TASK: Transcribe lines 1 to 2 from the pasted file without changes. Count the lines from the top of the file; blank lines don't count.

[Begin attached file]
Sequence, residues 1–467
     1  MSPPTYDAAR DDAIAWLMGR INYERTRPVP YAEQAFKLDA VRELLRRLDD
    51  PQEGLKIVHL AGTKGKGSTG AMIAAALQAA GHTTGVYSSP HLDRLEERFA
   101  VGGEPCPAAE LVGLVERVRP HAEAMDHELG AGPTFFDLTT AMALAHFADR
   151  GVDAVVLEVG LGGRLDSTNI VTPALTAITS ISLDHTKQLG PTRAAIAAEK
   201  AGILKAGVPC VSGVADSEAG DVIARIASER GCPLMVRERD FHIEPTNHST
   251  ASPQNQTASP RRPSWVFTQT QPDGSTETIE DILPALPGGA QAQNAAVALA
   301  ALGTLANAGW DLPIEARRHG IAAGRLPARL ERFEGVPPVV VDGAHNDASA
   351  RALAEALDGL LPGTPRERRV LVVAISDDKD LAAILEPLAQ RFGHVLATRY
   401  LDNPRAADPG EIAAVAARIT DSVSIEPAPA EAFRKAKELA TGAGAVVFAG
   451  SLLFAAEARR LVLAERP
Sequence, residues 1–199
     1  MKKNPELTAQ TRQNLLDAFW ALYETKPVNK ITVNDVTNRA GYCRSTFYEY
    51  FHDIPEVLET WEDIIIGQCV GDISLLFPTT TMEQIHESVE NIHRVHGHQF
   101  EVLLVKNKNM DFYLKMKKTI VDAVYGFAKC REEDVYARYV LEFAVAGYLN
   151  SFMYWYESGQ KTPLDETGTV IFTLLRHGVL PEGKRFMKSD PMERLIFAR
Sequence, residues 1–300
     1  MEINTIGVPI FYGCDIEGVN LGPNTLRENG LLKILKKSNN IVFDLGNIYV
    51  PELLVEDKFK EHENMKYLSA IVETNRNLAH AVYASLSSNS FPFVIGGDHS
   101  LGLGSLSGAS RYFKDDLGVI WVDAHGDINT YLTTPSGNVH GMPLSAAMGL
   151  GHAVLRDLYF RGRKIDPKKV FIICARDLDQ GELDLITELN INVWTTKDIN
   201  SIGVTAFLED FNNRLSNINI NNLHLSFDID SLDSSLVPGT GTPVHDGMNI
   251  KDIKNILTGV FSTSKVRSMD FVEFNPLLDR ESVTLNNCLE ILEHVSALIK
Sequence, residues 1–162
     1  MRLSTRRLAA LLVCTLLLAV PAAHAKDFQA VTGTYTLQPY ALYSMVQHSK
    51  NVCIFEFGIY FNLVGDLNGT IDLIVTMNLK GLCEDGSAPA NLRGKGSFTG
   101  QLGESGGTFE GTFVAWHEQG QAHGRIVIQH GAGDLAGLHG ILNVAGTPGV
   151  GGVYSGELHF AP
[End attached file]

Sequence, residues 1–467
     1  MSPPTYDAAR DDAIAWLMGR INYERTRPVP YAEQAFKLDA VRELLRRLDD